Hungary issues “state of danger” over energy crisis

A natural gas storage facility in Zsana, Hungary. (Attila Volgyi/Xinhua/Getty Images)

The Hungarian government has issued a “state of danger” on Wednesday due to the ongoing energy crisis in the country, putting a seven-point plan in place to prepare for upcoming government measures in August, according to Zoltan Kovacs, spokesperson for Hungarian Prime Minister Viktor Orbán. 

Quoting Gergely Gulyás, who heads the Hungarian prime minister’s office, Kovacs said government measures would include, domestic natural gas production to be increased to two billion cubic meters, exporting a ban on energy sources, boosting domestic lignite production.

Additional measured include the relaunch of a power plant, extending the operations of a nuclear power plant, soliciting market price from consumers with above-average energy consumption, Kovacs said on Twitter.

The Hungarian Foreign Minister Péter Szijjártó is also responsible for securing additional gas supplies, Kovacs added.

Natural gas supplies across Europe have suffered since Russia’s invasion of Ukraine causing countries to scramble as they try to preserve supplies in case Russia turns off the taps.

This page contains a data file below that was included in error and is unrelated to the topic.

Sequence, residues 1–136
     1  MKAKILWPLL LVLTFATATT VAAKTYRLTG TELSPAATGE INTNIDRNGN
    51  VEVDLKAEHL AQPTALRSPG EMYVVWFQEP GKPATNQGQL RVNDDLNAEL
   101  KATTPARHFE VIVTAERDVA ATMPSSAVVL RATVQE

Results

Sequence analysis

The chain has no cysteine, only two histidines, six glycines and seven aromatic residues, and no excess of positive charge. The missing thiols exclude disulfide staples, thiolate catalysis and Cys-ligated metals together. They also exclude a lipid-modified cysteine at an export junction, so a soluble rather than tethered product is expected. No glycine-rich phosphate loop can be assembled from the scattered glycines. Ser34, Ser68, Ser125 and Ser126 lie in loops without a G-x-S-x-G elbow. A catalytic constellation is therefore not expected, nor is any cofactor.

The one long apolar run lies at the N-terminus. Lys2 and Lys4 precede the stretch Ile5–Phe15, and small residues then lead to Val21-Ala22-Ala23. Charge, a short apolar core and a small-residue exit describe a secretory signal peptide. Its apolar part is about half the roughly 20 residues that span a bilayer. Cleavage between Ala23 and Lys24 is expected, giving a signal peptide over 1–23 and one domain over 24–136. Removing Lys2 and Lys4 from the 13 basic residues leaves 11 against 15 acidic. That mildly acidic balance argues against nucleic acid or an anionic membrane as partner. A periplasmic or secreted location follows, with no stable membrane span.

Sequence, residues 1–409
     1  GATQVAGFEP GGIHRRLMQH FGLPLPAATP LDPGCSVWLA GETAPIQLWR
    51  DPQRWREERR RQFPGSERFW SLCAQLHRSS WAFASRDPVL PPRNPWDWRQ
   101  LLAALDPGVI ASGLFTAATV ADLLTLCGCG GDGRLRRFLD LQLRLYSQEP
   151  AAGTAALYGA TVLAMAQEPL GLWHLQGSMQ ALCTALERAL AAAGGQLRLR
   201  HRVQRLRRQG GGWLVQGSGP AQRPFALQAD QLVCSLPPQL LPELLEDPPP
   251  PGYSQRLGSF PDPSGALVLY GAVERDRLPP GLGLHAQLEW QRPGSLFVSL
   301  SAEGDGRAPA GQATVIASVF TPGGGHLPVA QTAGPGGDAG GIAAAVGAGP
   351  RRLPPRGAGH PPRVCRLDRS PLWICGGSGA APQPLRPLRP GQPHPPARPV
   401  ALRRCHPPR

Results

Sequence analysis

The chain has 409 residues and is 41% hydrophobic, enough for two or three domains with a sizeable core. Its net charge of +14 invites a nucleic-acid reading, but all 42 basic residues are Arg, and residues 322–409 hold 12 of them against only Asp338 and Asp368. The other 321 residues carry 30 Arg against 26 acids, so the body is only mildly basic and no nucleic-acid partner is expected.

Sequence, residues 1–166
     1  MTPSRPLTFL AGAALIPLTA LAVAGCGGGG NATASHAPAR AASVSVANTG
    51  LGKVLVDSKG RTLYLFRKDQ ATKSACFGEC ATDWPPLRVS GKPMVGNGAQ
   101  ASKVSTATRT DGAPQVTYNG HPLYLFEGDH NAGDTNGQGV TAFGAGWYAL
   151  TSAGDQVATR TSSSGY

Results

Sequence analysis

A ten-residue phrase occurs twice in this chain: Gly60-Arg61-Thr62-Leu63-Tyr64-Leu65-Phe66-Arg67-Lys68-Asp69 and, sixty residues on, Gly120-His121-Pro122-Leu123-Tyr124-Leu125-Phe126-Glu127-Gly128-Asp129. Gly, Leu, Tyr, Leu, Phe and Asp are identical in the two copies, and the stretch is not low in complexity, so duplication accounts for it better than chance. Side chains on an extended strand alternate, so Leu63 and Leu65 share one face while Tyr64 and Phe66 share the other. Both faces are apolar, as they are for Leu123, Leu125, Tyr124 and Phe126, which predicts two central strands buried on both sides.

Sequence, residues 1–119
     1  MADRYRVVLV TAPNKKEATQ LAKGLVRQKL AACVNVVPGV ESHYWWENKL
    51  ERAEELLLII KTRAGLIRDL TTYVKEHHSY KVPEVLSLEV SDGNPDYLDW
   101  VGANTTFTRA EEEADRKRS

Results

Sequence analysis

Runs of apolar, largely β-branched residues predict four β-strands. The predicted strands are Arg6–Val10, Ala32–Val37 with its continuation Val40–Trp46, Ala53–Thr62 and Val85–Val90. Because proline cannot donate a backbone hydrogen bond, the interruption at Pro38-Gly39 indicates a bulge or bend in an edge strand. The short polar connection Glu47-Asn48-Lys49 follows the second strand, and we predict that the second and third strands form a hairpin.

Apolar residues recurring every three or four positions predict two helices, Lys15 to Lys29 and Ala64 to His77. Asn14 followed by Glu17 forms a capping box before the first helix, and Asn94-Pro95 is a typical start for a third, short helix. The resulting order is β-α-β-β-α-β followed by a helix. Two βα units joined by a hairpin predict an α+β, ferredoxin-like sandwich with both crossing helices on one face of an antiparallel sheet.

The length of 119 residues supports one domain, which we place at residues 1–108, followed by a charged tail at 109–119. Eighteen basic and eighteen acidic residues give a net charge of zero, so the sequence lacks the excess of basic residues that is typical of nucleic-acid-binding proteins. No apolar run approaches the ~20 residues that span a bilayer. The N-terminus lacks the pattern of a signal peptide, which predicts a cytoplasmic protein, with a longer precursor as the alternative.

In 2021, Hungary signed a 15-year natural gas supply deal with Russian energy giant Gazprom to supply gas to the country, in a move criticized by Ukraine. 

So far, Gazprom has cut off at least 20 billion cubic meters of its annual gas supplies to customers in six European countries — Poland, Bulgaria, Finland, Denmark, Germany and the Netherlands — because they failed to make payments in rubles, a demand President Vladimir Putin made back in March.

In an interview with CNN in April, Szijjártó confirmed Hungary will use the payment scheme put in place by Moscow to pay for its oil and gas.

Szijjártó said there are no alternative sources or routes which makes it possible for them to stop importing Russian energy in the next few years. 

Previous reporting from Pamela Boykoff and Anna Cooban.